Tuesday, August 30, 2011


Just finished reading a new prospectus from one of my former holdings, which only convinced me that I was right to get rid of my shares.  Prospectuses can be a slow read to say the least, but this one really took the cake.  It involved the same list of investment risks as other prospectuses normally contain, but was written in such a way as to imply the company has never really made any money,  they don't really try very hard to make shareholders any money, but you still may have to pay taxes on distributions as if you had made money.  Granted, paying taxes on some fund distributions even though you've actually suffered a loss, is not unheard of.  However, the blatant way in which these guys came right out and said they weren't really trying to make shareholders any money and were still going to charge a management fee, is either the height of honesty or audacity, I'm not sure which.  Glad it's no longer part of my investment portfolio. 

Monday, August 29, 2011


Well the week is off to a good start with the stock market closing slightly higher.  I suspect the higher close is mostly attributable to less than expected damage from hurricane Irene over the weekend.  Given that, and remarks from Bernanke on Friday of last week, I still wouldn't hold out much optimism for any major upward moves anytime soon.  Right now I'm sticking with the buy low strategy, adding to positions in some of my best holdings while the price is down.  If I'm right, it could be a big payoff somewhere down the road and in the mean time I'll collect more in dividends with the increase in number of shares in my portfolio.

Got some great deals over the weekend at Gerbes and Walgreens matching coupons with store sales.  Saved 40% on my grocery store purchases and closer to 70% from Walgreens.  Anybody not using coupons is passing up a great opportunity to save, save, save!!!

Got my sign-up paperwork back from Edward Jones for the company savings plan.  Kind of anxious for payday to see if they've started the witholdings.  If, as I suspect, the before tax witholdings have little effect on my take home pay, I'll most likely increase witholdings within the next month or two.  I'm not maxed out on matching contributions, so I could increase my own contributions as long as it doesn't cut me too short on cash flow.  Just have to wait and see...

Requested another check from SendEarnings.com.  This will be my third check from them.  I intend to use it to repurchase some UVE stock I sold in my taxable account.  Got the medical bills down from my heart attack and follow up care, so I'm really concentrating on rebuilding my investment and cash positions.  If my health and the economy holds out, at least as well as it has been going, I should be in pretty good shape by this time next year.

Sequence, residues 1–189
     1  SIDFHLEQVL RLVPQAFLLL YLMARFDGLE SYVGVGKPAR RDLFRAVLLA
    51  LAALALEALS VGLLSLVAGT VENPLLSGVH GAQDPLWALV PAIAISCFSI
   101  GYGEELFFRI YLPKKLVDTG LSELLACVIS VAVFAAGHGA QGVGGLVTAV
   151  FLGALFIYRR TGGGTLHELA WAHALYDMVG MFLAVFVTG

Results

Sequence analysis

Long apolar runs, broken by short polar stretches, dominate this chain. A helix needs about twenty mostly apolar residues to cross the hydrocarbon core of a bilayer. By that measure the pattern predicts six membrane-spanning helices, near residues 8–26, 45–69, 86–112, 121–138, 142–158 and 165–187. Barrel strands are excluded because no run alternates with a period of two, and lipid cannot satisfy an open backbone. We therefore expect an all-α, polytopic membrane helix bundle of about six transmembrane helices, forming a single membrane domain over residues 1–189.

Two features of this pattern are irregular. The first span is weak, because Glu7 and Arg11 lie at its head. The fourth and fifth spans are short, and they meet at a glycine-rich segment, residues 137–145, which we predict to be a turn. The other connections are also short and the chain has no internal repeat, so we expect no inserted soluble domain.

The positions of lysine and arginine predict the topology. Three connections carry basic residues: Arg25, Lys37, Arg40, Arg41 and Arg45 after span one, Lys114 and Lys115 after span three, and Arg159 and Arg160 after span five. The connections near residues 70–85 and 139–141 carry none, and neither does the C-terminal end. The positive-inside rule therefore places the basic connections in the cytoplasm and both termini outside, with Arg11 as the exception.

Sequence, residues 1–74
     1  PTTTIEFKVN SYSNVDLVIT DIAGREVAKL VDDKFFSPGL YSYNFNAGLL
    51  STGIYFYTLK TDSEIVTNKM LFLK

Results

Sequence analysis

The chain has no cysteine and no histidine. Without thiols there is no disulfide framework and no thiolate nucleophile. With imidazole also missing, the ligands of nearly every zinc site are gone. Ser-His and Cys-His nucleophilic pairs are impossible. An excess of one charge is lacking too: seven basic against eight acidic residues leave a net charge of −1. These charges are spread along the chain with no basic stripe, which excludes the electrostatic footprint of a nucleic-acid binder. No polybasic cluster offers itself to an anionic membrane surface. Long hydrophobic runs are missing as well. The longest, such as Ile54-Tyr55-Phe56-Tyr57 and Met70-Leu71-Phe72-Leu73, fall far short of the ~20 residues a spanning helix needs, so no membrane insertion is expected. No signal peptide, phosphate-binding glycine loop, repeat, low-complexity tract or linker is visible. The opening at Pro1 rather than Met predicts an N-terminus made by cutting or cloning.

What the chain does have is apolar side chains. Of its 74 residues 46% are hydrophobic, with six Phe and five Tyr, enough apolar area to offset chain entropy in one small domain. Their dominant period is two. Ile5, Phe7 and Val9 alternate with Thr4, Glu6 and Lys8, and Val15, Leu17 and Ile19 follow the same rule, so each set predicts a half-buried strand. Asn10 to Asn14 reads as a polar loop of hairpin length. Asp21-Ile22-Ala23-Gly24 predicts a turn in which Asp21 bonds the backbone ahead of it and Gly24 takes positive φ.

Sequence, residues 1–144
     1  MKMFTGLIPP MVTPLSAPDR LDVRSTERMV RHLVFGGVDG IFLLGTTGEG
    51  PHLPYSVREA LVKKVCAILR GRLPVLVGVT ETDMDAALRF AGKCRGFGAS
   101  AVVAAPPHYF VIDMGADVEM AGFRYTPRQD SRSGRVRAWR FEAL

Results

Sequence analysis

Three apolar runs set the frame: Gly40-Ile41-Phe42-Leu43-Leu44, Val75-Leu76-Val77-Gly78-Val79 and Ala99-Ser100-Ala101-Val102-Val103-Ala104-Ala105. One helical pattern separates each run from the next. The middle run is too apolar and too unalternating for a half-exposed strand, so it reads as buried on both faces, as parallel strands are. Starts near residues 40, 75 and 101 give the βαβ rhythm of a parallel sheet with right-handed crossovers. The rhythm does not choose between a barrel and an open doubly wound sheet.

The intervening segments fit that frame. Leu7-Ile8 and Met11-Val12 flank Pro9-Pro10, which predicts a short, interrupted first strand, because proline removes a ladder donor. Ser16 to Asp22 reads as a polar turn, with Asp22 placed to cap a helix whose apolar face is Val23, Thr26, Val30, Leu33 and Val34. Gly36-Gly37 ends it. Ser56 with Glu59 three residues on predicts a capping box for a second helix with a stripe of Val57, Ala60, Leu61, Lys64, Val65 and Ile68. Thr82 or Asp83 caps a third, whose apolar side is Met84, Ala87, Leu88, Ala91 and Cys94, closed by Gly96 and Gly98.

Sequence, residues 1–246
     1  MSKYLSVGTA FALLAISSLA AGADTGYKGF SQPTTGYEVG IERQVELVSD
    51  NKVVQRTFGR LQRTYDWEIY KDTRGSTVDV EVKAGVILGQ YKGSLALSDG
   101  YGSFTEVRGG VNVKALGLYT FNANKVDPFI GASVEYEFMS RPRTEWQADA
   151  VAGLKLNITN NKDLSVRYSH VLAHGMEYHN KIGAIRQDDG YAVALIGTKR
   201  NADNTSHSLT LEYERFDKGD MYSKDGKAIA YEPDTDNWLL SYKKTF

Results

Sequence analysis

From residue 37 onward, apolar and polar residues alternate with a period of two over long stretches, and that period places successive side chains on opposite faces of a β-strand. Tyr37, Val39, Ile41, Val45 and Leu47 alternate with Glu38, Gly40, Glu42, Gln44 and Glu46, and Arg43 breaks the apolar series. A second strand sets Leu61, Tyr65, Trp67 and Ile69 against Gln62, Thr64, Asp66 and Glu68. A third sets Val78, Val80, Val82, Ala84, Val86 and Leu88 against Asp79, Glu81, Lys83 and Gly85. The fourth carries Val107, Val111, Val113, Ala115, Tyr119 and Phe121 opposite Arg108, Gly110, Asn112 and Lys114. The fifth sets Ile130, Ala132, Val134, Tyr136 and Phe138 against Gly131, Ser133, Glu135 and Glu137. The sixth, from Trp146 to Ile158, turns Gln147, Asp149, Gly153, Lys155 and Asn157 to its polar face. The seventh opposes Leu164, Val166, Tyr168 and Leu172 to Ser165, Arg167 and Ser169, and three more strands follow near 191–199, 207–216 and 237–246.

Thursday, August 25, 2011


Recently I was talking to one of the guys at work about signing up for the company sponsored savings program.  Although he is also eligible, he said he was probably not going to enroll.  Now our company, like many others now days, is a little tight fisted when it comes to giving raises.  They are few and far between and you're not going to get much of one regardless of performance.  The guy I was talking to is also one of those guys who are constantly complaining about not getting a raise.  Yeah, I like raises too, but there is something to be said about the number of people out of work right now and being thankful that you at least have a job.  That being said, why would you pass up an opportunity to help yourself to a raise.  Where we work, they might be stingy with raises, but their savings plan is quite generous, offering a dollar for dollar match of employee contributions.  For every dollar we put in, our employer contributes an equal amount, up to a certain percentage of our pay.  Why would you pass that up???  It's like they're offering you the opportunity to give yourself a raise.  I don't know about anybody else, but if the only thing I have to do is save a little money to get more money from work, I'm going all in.

I'm afraid he didn't see it that way.  He said he couldn't afford to defer any of his pay for savings, even though I explained to him that money withheld in "before tax" dollars would most likely make little if any difference in his take home pay.  This is something most people fail to realize.  If you're withholdings for savings are in "before tax" dollars, your taxable income is less and therefore you pay less in taxes on the remaining paycheck.  Which means that often times, your take home pay remains relatively unchanged.

As I've mentioned before, I have no real plans to continue working for my current employer until I retire.  However, why shouldn't I take full advantage of all the benefits they have to offer while I'm there?  No matter how much I end up saving, with employer matching contributions and more than 10 years before I plan to retire, it could definitely add up to a significant amount of money when I'm likely to need it most.

Wednesday, August 24, 2011


Attention Couponers:

Sunday August 28, 2011;  There will be 3 coupon inserts in the Sunday paper.  One Proctor & Gamble, one Red Plum and one Smart Source.  Don't miss out on the chance to stock up on some great coupons!  A lot of my coupons expire August 31st, so it will be great to pick up new ones for more great deals on shopping.  This week I'm taking advantage of the buy 10 get $5 off and buy one steak get one free deals at my local Gerbes store.

Wednesday, August 17, 2011


I enjoyed the "Big Interview" video with Mark Cuban on WSJ.com (click on title for link).  Especially liked what he had to say about diversification in today's stock market.  His comments about the best place for the average American to put their cash to work really hit home with me.  Especially the part about paying off credit card debt and stocking up on non-perishables for the home.  You're putting the money to good use by reducing high interest debt and protecting future purchasing power by stocking up for the home and avoiding future inflation.  Smart moves with much more potential for getting the most from your money in today's economy.